Death and abuse serve as rou­tine back­drops or ironic twists to sto­ries that ham­mer at the reader’s con­science. Some­times the pathos is too thick, the char­ac­ters too an­gelic or evil. A beaten child beg­gar tears open a cage full of birds, try­ing to free them, and is struck and killed by a limou­sine. But these are lit­er­ary flaws rather than ex­cuses for cyn­i­cal dis­missal. The cir­cum­stances and be­hav­ior have an un­com­fort­able ring of truth.

Rab­bani, a dap­per and self­as­sured politi­cian of 64, fa­vors mono­grammed shirts with cuff links and cir­cu­lates in a world of smoke-filled rooms and el­e­gant re­cep­tions. He is third in line to re­place the prime min­is­ter and is con­stantly called upon to set­tle po­lit­i­cal dis­putes or opine on weighty pub­lic mat­ters.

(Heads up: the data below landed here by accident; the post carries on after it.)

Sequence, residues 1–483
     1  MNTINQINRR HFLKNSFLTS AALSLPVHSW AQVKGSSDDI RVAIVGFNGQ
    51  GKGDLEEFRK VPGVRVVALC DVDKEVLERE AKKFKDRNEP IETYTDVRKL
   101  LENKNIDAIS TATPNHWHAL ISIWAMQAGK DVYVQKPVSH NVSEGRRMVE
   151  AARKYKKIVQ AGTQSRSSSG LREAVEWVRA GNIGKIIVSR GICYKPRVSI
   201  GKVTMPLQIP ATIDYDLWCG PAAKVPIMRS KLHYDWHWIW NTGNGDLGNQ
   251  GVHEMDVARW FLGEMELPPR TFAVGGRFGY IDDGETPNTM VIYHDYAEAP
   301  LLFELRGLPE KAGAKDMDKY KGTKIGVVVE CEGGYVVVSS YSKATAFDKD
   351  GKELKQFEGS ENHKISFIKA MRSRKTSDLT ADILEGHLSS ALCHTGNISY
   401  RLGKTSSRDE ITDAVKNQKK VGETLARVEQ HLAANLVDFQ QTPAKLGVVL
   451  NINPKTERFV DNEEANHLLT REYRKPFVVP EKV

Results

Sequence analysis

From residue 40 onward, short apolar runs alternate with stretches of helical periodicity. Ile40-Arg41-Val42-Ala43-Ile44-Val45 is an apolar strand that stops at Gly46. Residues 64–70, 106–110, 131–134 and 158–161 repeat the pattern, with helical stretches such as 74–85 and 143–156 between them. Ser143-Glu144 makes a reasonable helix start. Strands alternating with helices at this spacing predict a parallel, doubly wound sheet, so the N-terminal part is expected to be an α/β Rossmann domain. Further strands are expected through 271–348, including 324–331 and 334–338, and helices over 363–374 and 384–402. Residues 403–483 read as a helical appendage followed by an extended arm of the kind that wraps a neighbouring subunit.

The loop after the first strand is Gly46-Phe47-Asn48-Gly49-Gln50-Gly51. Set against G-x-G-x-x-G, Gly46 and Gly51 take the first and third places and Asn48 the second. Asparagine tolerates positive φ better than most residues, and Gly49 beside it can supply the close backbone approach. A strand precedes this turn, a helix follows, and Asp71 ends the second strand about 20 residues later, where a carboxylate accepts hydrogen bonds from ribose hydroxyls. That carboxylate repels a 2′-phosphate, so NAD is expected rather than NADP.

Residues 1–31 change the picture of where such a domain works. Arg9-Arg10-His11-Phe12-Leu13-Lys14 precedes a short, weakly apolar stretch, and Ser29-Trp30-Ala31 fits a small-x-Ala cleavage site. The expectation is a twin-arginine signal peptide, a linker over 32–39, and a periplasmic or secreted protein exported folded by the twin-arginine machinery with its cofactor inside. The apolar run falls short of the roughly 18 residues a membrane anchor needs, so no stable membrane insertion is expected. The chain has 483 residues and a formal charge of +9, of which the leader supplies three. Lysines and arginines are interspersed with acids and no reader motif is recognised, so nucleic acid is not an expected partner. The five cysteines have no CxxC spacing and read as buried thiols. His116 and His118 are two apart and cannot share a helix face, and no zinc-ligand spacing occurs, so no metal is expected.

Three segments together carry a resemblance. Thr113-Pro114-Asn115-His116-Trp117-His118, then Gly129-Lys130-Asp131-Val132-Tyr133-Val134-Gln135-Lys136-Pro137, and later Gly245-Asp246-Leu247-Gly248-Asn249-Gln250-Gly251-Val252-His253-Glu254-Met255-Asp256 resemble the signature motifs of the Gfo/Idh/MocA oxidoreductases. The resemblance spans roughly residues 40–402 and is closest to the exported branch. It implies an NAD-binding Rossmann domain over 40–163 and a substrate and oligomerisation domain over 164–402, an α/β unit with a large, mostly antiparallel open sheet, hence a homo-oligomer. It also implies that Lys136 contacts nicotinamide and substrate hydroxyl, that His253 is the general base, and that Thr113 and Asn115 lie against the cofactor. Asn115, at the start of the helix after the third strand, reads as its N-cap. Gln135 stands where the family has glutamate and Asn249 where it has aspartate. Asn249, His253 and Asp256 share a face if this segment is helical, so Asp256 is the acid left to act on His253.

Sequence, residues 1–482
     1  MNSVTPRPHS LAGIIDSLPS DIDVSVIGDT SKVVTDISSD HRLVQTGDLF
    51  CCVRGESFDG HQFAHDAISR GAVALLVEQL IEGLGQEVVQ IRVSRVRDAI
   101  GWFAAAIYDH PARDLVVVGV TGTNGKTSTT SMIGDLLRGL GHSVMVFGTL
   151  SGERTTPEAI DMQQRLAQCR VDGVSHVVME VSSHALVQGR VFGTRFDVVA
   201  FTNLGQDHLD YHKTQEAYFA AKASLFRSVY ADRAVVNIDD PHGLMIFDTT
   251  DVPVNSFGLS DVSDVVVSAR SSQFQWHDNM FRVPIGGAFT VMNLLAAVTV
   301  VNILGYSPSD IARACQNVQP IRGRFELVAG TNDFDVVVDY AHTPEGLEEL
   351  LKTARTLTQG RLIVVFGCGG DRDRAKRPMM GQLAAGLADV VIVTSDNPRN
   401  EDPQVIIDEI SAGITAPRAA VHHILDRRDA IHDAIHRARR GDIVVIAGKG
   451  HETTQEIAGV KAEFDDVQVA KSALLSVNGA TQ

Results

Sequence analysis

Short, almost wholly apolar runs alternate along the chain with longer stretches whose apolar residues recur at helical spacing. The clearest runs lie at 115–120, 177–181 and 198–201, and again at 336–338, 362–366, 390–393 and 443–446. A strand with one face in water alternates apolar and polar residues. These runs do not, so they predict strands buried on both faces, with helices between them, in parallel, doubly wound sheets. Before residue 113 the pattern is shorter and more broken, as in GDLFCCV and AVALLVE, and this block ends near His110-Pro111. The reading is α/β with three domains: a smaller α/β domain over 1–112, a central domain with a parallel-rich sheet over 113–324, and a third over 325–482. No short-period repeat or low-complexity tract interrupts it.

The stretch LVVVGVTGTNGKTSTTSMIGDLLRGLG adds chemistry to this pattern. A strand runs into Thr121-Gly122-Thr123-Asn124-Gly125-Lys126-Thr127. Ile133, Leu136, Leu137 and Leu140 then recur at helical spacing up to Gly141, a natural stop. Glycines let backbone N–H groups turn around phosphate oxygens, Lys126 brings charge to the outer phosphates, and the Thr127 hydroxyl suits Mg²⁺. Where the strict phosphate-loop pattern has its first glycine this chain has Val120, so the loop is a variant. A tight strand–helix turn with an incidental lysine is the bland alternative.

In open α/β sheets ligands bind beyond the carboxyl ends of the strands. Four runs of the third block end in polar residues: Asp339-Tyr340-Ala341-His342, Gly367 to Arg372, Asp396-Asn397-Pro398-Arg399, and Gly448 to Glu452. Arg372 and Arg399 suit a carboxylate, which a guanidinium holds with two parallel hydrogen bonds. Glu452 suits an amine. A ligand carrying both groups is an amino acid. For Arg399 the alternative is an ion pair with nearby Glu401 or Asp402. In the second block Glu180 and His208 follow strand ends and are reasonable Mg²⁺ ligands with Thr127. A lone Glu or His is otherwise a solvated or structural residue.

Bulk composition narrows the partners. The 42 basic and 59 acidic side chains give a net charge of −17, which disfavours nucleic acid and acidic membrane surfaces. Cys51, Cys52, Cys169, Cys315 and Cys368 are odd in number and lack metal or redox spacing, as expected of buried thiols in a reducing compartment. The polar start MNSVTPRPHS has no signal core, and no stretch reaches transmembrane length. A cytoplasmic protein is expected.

Yet when asked why he de­cided to write “In­vis­i­ble Peo­ple,” he had this to say:

“What prompted me was a feel­ing of help­less­ness, a feel­ing of de­spair, a feel­ing of frus­tra­tion, be­cause even af­ter achiev­ing this of­fice, this chair, I am still a slave of the sys­tem. Apart from cos­metic changes, I can do noth­ing mean­ing­ful to change it sub­stan­tially or to change the plight of the peo­ple who are in­vis­i­ble. In our so­ci­ety, it is still hands off.”

This ad­mis­sion may seem as­ton­ish­ing to an out­sider, but class bar­ri­ers and so­cial con­form­ity are deeply en­trenched in Pak­istan. Even lib­eral politi­cians have silent ser­vants and lands worked by peas­ants, and no one re­ally wants to up­set the sta­tus quo.

Rab­bani’s anger is po­lit­i­cal as well as per­sonal. He is a life­long loy­al­ist of the Pak­istan Peo­ple’s Party, founded in the 1960s as a so­cial­ist re­form move­ment. A framed por­trait of its late leader, Be­nazir Bhutto, a for­mer prime min­is­ter who was as­sas­si­nated in 2007, sits next to his of­fice desk.